Anonymous Says They Leaked 2,000 Congressional Email Passwords

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The rascals over at Anonymous are still pretty upset over the recent revelations about the NSA spying on seemingly everyone so they're acting out in the only way they know how: hacking. Specifically, releasing the supposed email accounts—and passwords—of seemingly everybody on Capitol Hill.

On Monday night, the affiliate account @AnonLastResort tweeted a link to a document 2,000 email addresses long. The vast majority of them come from the House of Representatives, though there are some gems in there from the U.S. Attorney General's office, the Senate and even New York's comptroller. Now, these addresses being leaked normally wouldn't be a big deal, except that Anonymous included the passwords as well. In the leak, the hackers say they've omitted some of the passwords and shuffled the others so that they don't show up right next to the email address they unlock. But it's not that hard to figure out what goes where if you really want to break into your congressman's email history. Of course, this is all assuming that Anonymous's information is actually real. They've been known to cry wolf in the past… (UPDATE: According to a system administrator in the Senate, these likely aren't the real passwords as they don't match Congress's rather strict parameters. They could, however, be associated with accounts that staffers use to email constituents.)


Along those lines, it's unclear how this hack matters. Stealing user data, including passwords, is old hat for Anonymous, though it's hard to point to one instance in which they really wreaked havoc by exposing a bunch of passwords. The time the hacktivist collective published the names and email addresses of over 6,000 law enforcement officers in Arizona, for instance, didn't lead to any earth-shaking revelations about injustice or dishonor or any of the other things Anonymous is constantly trying to expose. Ditto for Anonymous's leaking the email and passwords of over a hundred BART officers and 1,000 cops in the Northeast. That's just scratching the surface of Anonymous's history of doing stuff like this.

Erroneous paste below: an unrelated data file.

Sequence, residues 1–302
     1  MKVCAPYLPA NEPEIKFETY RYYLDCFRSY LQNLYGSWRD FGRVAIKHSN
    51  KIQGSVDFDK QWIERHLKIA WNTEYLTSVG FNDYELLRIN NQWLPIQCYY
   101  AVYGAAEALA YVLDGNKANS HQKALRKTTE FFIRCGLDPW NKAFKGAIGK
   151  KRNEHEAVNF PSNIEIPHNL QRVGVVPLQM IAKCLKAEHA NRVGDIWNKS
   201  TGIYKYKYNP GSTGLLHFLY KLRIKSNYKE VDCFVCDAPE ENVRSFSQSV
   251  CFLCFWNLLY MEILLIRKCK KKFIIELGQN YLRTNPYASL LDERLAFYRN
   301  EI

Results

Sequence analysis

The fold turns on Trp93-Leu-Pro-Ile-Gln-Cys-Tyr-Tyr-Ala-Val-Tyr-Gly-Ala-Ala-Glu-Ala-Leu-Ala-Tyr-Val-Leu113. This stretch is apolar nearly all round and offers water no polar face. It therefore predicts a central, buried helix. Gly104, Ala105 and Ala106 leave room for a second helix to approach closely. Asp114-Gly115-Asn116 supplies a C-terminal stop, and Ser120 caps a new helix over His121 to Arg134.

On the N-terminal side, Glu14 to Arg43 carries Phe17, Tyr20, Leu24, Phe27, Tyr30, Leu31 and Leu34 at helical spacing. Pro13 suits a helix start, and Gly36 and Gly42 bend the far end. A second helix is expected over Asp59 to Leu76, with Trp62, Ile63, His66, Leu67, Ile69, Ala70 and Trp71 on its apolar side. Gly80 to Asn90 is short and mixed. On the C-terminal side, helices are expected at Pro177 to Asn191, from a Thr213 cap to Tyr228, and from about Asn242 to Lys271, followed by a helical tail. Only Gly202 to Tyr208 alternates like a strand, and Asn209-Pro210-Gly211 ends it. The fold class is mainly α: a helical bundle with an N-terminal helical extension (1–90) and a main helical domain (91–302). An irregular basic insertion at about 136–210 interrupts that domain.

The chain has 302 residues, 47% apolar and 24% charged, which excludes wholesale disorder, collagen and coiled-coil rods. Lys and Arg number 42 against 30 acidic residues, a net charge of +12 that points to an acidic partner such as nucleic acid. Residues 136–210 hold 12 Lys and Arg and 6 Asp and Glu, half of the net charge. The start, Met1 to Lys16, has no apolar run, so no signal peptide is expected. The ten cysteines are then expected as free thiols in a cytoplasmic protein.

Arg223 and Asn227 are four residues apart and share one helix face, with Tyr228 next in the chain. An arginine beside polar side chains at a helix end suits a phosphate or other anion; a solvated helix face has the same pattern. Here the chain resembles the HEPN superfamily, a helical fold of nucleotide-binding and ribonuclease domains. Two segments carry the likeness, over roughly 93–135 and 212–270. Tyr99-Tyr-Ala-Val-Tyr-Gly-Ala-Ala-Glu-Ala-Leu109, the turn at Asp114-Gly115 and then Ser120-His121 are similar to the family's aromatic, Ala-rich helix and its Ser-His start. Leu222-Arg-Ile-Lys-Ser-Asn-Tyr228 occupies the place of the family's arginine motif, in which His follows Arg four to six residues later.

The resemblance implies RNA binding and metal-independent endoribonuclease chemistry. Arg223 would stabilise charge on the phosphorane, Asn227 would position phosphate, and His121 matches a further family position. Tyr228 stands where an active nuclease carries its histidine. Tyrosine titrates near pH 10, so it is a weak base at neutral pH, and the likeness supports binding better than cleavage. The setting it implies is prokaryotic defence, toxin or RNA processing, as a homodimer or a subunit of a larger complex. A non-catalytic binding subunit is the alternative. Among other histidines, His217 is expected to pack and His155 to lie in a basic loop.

As The Atlantic Wire's Rebecca Greenfield points out, one worthwhile takeaway is how hilariously bad congressional employees are at picking passwords. The list includes such creative passwords as "Congress" and such partisan ones as "Republican" and "Democrat." Then there are the straight up stupid ones like "password" which, unfortunately for mankind, also happens to be the most popular password on the internet. Personally, I like the very hopeful "Senate2012!" password that likely belongs to someone in the lower house. It's good to see that government employees can still dream. [The Atlantic Wire]


Image via AP